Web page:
Watching Resolution: Turning Red (2022)

11. A children’s film: Turning Red (2022)

List Progress: 5/12

There is not much to say about the 2022 animated film Turning Red that has not already been said by someone. Pundits and conservative groups wrung their hands about how “inappropriate” the film was for making the bold statement that some thirteen year olds menstruate and that’s okay. But discourse aside, most receptive audiences have acknowledged that Turning Red is a very sweet coming of age story with a lot of heart, and a very particular early 2000’s aesthetic perfect for stirring up nostalgia in older audiences. It is not groundbreaking narratively, but it is in how open it is willing to be about difficult teenage topics. “Period” is not a dirty or obscene word, and this movie is one of the few to know that.

Meilin Lee is a Chinese-Canadian girl growing up in Toronto in 2002. Mei strives to honor and respect her traditional Chinese mother, while also finding herself and connecting with her friends at school. All of those things become more difficult when she discovers her mother’s family curse; once the young women come of age, they develop the power to turn into giant red pandas when they feel any strong emotion. Most movies would let this puberty metaphor just be an unspoken metaphor, but Turning Red is not most children’s movies. Mei’s mother Ming mistakes her panic about the panda as Mei starting her period, and she says as much. Ming is emotionally unprepared to talk about the red panda and the family curse, but she is more than ready to supply Mei with pads and herbal tea. But as excitement about a touring boy band grows, Mei cannot keep her transformations under wraps for long and she must face what this all means to her and to her family.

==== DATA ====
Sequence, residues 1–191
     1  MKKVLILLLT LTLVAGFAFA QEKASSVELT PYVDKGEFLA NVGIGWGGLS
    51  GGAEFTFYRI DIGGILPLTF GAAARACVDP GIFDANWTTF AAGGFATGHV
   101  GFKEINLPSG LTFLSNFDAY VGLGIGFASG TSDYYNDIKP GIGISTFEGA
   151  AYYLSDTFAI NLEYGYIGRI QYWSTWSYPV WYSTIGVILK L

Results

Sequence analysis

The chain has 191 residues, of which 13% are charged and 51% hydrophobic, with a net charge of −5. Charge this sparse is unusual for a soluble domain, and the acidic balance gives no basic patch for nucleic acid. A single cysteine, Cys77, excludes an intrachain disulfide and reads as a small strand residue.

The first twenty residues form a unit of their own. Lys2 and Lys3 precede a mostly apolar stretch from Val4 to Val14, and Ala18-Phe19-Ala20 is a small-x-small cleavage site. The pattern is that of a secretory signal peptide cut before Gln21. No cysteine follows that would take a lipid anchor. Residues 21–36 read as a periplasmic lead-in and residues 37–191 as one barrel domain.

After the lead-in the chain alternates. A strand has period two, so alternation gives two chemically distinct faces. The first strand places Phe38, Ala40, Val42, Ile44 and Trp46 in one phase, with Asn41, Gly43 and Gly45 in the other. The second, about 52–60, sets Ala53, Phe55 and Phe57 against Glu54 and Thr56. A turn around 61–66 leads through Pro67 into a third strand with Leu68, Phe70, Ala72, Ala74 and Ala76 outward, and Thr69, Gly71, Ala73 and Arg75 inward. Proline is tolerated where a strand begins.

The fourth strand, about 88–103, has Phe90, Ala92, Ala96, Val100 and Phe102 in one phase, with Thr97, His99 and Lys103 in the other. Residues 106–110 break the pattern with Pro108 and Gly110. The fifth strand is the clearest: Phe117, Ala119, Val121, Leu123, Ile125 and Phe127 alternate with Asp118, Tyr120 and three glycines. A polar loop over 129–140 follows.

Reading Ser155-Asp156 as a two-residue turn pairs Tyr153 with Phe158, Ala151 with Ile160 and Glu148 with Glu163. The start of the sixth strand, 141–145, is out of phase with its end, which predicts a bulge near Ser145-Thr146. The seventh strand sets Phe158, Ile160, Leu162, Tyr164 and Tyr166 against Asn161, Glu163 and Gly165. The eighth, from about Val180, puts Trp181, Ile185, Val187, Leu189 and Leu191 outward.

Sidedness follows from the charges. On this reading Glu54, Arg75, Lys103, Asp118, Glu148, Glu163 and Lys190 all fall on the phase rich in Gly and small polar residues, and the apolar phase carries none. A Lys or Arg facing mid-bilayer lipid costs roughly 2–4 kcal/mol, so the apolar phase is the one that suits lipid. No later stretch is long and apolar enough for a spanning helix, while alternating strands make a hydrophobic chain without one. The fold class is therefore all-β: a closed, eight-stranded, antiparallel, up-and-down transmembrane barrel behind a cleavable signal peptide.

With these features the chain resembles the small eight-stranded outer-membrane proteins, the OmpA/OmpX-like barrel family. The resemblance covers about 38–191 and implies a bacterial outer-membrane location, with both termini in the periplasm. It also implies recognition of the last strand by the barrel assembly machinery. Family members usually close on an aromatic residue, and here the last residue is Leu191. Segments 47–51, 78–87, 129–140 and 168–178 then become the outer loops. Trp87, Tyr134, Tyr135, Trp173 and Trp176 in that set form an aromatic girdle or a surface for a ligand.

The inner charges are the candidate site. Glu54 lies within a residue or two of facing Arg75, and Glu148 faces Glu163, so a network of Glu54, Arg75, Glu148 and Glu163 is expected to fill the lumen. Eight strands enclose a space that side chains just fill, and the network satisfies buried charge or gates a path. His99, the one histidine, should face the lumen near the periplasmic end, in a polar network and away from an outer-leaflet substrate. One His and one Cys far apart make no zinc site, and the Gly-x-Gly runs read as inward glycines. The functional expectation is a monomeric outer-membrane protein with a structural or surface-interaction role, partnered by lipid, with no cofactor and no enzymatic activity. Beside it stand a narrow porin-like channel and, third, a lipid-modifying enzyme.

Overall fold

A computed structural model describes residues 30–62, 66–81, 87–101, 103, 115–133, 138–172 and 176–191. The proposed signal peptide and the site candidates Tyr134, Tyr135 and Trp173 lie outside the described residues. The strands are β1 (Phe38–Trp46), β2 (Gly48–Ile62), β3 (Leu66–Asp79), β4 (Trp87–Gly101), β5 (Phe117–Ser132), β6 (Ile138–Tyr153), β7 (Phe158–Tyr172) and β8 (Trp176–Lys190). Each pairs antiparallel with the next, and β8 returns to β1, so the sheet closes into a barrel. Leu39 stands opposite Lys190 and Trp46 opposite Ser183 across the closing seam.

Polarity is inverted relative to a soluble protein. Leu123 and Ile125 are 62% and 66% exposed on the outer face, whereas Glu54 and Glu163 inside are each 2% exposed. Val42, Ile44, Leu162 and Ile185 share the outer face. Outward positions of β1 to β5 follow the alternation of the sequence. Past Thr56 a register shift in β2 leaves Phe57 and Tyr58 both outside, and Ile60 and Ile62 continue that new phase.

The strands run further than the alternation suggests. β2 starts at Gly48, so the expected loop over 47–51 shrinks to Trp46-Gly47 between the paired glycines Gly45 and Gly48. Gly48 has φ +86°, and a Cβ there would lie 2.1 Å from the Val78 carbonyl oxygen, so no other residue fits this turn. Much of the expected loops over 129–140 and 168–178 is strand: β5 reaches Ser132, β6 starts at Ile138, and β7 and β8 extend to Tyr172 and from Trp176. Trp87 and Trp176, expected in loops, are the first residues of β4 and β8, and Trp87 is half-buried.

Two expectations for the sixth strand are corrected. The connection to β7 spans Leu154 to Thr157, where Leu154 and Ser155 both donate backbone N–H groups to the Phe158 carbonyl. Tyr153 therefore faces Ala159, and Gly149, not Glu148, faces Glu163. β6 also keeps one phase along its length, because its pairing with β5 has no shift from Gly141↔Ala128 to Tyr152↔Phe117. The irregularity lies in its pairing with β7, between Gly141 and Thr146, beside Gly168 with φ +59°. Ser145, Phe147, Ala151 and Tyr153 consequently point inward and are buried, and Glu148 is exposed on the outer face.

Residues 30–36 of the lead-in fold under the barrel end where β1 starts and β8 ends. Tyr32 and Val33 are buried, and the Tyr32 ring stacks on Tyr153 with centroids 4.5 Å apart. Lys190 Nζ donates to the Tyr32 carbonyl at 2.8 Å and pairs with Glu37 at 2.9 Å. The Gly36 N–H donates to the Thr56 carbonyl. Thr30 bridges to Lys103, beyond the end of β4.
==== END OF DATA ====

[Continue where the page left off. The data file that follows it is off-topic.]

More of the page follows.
Turning Red is so clearly a work of love by creator Domee Shi (also the creator behind the 2018 short Bao). There is care and detail in every frame of animation and every character beat. There are some details that could have been ironed out in another draft (Mei breaking the fourth wall in the opening and closing is distracting and does not add much). But on the whole, this is a strong and empathetic movie that respects children, teenagers and parents as full people with complex inner lives. Would that more things in this world did.

Would I Recommend It: Emphatically yes.

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